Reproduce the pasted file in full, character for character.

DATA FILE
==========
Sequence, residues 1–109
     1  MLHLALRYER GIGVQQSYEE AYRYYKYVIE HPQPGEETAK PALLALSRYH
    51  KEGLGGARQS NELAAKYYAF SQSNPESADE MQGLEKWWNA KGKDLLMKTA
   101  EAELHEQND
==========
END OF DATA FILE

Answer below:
Sequence, residues 1–109
     1  MLHLALRYER GIGVQQSYEE AYRYYKYVIE HPQPGEETAK PALLALSRYH
    51  KEGLGGARQS NELAAKYYAF SQSNPESADE MQGLEKWWNA KGKDLLMKTA
   101  EAELHEQND